What I love most about teaching nonfiction is the endless possibilities this genre provides for my students. Prior to launching my official nonfiction unit with my 6th graders, I take stock of the knowledge students bring with them to our classroom and the work we’ve done as readers and writers of nonfiction so far. And, I think about my hopes for the work we’ll accomplish together.
This year, I’ve been thinking a great deal about the ways preparation for state testing, and the state test themselves, can rob students from learning to love nonfiction. I feel such sadness for teachers who are forced by administration to present nonfiction as dry, lifeless work that is simply a pathway to answering questions on a test. But mostly, I’m sad for students forced to endure this torture, each day, as many schools believe that nonfiction must dominate reading experiences in the classroom and high interest nonfiction books are rarities.
My goal is simple. I want to cultivate a love of nonfiction within each and every one of my students. I want my students to be investigators who use nonfiction as a tool to discover the stories in and of our lives.
Here’s my plan for this year.
We’ll be reading A Long Walk To Water by Linda Sue Park. This unique story blends both fiction and nonfiction. I’ve found this work to be incredibly compelling to students. They are drawn in by the fictional character, Nya, and the real person Salva. A Long Walk To Water will help to spotlight my theme of nonfiction being the stories in and of our lives. As we read, students will keep their reader’s notebook at hand to jot down the big ideas and questions this novel should spark.
Tracking Big Ideas & Questions
We’ll generate ideas about the topics and subtopics associated with A Long Walk To Water. We’ll chart our ideas and write details about what we’re learning and we’ll include our questions. I find that students enjoy wearing their researcher hats when teachers emphasize the importance of questions. Making our questions public is a way of validating them and encouraging even more. After scouring Jen Serravallo’s The Reading Strategies Book, I have ideas about how I’d like my chart to look. I’ll share it once it’s up and running!
Building a Text Set
We’ll also read three texts in addition to A Long Walk To Water. Shattered Lives, is a 2015 Scholastic article about The Syrian Refugee Crisis. It is an important text to pair with A Long Walk To Water as it offers another perspective about what it means to be a refugee. It helps students to understand that this is a global issue that impacts all of us. Another text I’ll use is Water Runs Through This Book by Nancy Bo Flood. (I know right? A book about water by an author named Flood! How cool is that??) This is a high interest, gorgeous book with photography by Jan Sonnenmair. It includes facts, details, charts, maps, poetry, quotes and more. It will help my students understand the importance of water in our daily lives. I will be reading a page or two of this book aloud to students each day until we finish.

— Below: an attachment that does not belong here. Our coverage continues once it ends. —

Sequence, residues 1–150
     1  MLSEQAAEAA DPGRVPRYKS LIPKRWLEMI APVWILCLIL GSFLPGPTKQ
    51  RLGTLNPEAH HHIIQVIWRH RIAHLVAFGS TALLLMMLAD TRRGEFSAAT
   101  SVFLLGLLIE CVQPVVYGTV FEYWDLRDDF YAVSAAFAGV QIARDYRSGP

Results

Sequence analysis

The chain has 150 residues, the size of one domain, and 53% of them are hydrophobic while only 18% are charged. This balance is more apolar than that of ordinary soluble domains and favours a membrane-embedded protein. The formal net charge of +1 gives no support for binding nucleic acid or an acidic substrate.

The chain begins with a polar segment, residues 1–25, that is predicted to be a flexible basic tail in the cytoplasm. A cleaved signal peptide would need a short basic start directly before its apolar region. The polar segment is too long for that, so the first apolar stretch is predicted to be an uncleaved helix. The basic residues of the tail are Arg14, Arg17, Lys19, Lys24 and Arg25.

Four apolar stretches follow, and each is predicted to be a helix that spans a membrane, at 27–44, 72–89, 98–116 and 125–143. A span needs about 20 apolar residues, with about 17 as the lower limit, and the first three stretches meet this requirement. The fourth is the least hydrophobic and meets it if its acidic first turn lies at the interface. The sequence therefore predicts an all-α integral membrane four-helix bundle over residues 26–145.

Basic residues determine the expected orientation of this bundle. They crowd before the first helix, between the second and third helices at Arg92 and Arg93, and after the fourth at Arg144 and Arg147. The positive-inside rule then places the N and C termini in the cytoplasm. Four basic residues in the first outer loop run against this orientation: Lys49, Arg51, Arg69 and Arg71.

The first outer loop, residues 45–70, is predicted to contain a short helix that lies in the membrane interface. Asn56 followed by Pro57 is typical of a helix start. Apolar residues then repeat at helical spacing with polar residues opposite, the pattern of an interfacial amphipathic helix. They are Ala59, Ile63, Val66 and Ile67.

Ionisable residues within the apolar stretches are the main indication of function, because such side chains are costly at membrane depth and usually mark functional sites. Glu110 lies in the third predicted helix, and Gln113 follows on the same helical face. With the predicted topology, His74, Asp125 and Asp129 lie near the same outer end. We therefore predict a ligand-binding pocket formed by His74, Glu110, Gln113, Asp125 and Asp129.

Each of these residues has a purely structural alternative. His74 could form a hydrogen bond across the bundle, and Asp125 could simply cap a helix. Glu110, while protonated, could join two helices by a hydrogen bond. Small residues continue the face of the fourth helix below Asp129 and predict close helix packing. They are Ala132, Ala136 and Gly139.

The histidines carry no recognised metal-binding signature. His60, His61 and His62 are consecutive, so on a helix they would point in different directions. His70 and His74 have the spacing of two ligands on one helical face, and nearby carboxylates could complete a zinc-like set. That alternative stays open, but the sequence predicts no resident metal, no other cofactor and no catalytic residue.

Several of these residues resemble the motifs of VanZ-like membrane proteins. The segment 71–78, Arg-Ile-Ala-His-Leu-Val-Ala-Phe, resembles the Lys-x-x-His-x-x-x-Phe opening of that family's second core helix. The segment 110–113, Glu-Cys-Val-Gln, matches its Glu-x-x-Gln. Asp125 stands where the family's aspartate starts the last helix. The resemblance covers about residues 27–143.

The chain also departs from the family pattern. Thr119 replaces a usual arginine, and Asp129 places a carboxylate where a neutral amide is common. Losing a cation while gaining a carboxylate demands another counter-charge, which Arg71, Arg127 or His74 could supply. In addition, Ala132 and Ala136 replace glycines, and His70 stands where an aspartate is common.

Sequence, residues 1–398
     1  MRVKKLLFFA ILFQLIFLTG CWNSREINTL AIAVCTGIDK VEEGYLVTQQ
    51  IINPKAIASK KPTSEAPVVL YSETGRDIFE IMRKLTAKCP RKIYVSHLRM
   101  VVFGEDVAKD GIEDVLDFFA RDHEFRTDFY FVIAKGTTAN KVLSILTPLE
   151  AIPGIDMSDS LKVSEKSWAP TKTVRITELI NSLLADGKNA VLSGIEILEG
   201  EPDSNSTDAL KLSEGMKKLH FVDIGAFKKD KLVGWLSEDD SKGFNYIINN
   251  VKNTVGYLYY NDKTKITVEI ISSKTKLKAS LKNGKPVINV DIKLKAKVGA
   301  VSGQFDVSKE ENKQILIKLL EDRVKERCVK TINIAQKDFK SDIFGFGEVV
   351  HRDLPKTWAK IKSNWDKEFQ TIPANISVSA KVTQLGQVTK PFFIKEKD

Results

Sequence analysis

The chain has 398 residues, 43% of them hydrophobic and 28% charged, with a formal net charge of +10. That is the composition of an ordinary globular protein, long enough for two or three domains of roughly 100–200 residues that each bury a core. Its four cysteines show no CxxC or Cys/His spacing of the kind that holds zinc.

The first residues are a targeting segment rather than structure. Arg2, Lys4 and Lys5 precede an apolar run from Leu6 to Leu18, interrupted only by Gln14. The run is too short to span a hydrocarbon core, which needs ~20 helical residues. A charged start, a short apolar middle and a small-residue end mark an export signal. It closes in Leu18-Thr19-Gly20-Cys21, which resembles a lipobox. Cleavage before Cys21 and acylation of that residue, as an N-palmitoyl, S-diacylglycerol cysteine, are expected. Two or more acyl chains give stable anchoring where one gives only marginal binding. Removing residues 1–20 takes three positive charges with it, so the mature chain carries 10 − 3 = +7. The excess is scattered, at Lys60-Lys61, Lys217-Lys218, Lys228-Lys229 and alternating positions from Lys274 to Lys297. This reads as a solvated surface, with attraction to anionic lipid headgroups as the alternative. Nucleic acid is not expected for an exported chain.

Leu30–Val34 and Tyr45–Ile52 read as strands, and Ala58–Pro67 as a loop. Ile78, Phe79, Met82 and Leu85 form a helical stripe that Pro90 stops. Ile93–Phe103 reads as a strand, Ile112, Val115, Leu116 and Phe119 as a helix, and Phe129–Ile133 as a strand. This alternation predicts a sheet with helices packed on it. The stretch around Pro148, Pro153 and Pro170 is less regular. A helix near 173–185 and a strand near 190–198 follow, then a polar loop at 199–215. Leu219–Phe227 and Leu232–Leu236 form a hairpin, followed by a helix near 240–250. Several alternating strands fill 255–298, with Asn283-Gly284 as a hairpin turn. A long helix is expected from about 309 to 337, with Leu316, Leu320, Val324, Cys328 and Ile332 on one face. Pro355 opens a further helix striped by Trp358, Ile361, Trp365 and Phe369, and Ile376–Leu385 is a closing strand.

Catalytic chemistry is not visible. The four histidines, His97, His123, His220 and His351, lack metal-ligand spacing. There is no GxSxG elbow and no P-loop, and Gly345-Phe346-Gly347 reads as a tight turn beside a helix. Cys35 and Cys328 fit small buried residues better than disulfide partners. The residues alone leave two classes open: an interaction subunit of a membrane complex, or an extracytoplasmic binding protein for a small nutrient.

This digital text is essential to share with students as it demonstrates the challenges American citizens are experiencing to obtain clean water. This 3-minute video clip about the Flint, Michigan Water Crisis can help students to understand that while clean water seems ubiquitous in their lives, people are struggling to obtain this resource right here in our own country.
Creating a Digital Bin
My students and I will create a digital bin with links to texts, video clips, photography, etc. organized by our topics and subtopics. My students will be excited to explore issues further and share what they’ve discovered!
Check out our previous post on digital bins to learn more!
Writing With Passion
I can imagine the feature articles, research-based argument essays, and more that can come out of all of this work. I look forward to guiding my students as they make decisions about the work they want to do. I look forward to hearing their voices in their writing and celebrating their accomplishments!
Sonja Cherry-Paul is a member of the Jane Addams Children’s Book Award Committee. She has been immersed in reading wonderful books created by authors and illustrators who address themes related to social justice. The best part of this process is sharing these incredible books with her 6th graders and the insightful conversations they spark. She is co-author of Teaching Interpretation: Using Text-Based Evidence to Construct Meaning and Flip Your Writing Workshop: A Blended Learning Approach.